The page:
Camera with matched pair of 65mm F6.3 Micro Tessar lenses, reflex viewing, built-in point light source illumination, w/12 shot glass plate film magazine, pre war vintage, serial number 82, truly a rare piece, Ex, $2500 The optical viewing system has a focusing objective lens. There is a newly cleaned, lubed and adjusted Compound shutter behind the 2 taking lenses. There is a focusing point light source system with a 3 dimensional alignment system. The below images are of the camera from the side, with the point light source light on. The point light source emanates from the left side. The center is the camera body. The right is the optical viewing system. On the far right is a geared focusing system and beyond that is a custom made cylindrical adapter with 1/4-20TPI standard photo threaded hole for mounting on most tripods or copy stands. For these photos, the camera is mounted on a camera stand arm.This camera was initially designed to photograph the human eye. The diagram and illustraton are from literature a German customer obtained for me from the Zeiss factory. That literature including a letter from Zeiss on the Zeiss letterhead is included with the outfit. Dates of 1928 and 1935 are mentioned in the letter. The letter also details what literature was included.
The below images are of the working end of the camera. There is a protective glass window covering the hole in the working end of the camera. Behind that protective glass cover, on the left is the condenser system that funnels light from the point light source bulb to the subject. This image is illuminated with a strobe light, so the point light source bulb appears warm colored. In the middle are the 2 taking lenses. On the right is the subjective end of the optical viewing system. And, of course, the other image shows the full force of the focused point light source.
The camera came in with a burned out standard screw base point light source bulb. Durst supplied such bulbs, code named "PULAM." The PULAM requires a power supply, also available from Durst. Because I had on hand a Nuarc power supply, point light source bulb and bayonet base to screw base adapter, I used that both for the photos of the dime and for the above photos of the camera with light source in operation. That Nuarc system has a 0-60 second timer and a 6 level power supply and is equal to the Durst. The Durst system will cost you about $2000 if still available new. The illustrated used Nuarc system is available for $600. The Nuarc sytem is illustrated below with a view of the opposite side of the camera.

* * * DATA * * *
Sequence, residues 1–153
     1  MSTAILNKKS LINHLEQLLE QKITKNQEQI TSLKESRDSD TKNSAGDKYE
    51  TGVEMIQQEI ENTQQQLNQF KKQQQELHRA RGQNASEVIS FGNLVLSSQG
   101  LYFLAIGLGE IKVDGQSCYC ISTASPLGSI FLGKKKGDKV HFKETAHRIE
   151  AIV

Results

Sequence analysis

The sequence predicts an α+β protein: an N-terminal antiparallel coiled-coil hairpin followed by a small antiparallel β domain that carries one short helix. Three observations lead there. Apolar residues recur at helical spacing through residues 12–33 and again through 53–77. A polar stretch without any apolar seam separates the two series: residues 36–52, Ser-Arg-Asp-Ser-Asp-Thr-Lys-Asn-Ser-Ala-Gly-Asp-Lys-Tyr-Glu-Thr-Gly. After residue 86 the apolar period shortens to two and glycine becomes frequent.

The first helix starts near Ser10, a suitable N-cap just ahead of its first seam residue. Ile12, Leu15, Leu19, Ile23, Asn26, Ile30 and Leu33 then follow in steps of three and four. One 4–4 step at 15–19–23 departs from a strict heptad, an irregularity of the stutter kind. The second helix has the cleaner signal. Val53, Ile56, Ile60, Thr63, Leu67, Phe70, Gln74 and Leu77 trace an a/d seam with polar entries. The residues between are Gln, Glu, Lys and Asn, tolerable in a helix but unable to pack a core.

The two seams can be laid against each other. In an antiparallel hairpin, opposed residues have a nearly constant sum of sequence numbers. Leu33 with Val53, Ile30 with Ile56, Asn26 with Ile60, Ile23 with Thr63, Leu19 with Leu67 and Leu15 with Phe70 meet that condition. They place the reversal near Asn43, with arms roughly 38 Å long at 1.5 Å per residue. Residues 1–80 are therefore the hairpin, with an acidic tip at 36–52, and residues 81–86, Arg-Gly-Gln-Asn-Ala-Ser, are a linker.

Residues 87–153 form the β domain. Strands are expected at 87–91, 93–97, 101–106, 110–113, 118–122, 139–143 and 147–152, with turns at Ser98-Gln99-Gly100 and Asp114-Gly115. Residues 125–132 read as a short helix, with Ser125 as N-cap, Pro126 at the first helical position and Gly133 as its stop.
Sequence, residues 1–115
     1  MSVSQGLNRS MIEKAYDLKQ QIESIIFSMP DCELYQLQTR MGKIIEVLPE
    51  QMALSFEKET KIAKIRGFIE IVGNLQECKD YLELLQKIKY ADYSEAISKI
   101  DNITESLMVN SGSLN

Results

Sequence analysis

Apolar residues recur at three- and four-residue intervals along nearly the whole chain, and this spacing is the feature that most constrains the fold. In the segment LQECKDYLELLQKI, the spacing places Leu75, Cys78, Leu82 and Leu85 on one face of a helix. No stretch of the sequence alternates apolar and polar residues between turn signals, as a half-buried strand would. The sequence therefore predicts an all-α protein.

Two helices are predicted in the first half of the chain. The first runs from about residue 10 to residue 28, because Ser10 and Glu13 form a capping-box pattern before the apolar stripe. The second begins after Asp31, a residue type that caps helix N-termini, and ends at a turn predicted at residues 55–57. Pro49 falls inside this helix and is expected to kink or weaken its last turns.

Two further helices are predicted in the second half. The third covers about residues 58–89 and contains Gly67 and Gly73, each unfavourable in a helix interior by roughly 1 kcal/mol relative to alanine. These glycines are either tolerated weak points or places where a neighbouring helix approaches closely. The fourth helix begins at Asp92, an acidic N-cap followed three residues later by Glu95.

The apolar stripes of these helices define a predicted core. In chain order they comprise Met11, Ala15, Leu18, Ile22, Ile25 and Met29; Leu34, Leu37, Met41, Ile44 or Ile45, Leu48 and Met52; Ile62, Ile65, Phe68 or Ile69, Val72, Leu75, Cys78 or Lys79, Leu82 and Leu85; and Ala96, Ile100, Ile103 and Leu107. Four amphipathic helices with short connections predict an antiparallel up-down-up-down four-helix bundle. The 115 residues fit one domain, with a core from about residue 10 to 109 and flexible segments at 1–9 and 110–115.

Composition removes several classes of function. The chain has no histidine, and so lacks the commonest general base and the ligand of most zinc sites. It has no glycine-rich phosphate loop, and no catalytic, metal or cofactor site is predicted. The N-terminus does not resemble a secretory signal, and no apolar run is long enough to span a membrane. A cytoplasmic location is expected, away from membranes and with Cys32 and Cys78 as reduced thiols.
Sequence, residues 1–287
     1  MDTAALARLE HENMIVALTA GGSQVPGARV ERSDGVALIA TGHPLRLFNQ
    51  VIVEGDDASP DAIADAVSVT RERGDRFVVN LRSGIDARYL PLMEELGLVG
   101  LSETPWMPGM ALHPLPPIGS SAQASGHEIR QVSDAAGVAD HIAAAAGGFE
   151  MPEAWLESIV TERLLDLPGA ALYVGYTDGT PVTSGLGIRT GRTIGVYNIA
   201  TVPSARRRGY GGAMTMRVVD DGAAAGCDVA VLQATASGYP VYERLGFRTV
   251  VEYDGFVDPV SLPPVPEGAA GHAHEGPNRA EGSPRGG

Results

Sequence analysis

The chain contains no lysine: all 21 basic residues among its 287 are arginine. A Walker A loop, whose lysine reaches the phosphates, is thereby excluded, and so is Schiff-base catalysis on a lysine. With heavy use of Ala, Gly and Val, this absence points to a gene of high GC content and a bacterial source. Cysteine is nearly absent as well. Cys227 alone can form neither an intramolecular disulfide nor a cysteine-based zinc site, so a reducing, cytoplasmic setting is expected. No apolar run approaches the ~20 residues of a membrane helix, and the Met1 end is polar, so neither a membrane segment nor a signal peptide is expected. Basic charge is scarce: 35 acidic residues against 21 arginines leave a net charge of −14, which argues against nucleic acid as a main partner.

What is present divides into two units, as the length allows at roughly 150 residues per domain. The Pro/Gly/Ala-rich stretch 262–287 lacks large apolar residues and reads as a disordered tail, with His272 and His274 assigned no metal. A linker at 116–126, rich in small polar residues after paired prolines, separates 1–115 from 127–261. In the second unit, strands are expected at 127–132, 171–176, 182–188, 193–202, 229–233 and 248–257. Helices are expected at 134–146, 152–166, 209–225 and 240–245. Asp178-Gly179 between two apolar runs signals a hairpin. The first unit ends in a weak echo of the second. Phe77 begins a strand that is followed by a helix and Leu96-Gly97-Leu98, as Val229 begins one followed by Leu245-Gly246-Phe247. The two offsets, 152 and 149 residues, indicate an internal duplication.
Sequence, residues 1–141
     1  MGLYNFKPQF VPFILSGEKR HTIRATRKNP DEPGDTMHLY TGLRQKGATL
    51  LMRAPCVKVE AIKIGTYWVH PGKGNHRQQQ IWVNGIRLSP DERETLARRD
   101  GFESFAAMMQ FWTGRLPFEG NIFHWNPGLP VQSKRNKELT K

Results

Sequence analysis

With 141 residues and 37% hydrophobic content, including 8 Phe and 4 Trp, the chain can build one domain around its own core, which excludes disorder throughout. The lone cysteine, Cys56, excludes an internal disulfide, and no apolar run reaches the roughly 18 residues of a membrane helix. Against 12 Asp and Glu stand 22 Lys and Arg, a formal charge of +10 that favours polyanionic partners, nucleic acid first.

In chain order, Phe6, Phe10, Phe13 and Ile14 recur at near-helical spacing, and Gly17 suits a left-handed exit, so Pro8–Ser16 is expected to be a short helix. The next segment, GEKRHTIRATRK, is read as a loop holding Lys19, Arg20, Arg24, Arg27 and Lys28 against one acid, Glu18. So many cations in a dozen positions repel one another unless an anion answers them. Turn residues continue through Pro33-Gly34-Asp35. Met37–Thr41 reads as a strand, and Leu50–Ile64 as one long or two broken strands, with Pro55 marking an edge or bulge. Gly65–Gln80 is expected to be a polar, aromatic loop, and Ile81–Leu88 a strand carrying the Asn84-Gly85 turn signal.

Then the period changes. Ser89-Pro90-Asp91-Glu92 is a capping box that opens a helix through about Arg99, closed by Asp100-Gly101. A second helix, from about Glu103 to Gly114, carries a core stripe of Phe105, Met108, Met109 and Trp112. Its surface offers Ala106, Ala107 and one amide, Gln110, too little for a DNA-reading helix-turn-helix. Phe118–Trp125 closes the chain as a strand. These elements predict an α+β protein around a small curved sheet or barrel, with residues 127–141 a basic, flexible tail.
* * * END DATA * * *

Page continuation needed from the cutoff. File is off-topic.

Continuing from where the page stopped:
Below find images of a dime that I photographed with the camera. I found that a 6X12cm rollholder neatly sits atop the camera, so I used 120 rollfilm for convenience, although it is quite possible to cut sheet film backed up with spacers to fit the glass plate magazine, which uses 44X107mm sheet film or plates and produces 40X105mm images. The 1st image below is approximately the 120 film size that I used--with the image of the dime 2X life size. The dime is a rather specular subject for point light source illumination--so the end result is more specular than spectacular, but it does give you an idea of the lens' resolving ability. Stereo afficionados tell me that you have to reverse the 2 images to get a true stereo effect. I did not do that; the 2 images are as found on the film. There is a lot more detail in the film than you see on the screen; in addition to downsizing the images for the screen, the scanner I used is an older one with relatively low resolution and D-max. The 3rd image is not downsized; even though it is of a small protion of the image, the large version of the 3rd image is a very large file, so do not click on it unless you have a broad band internet connection and lots of RAM.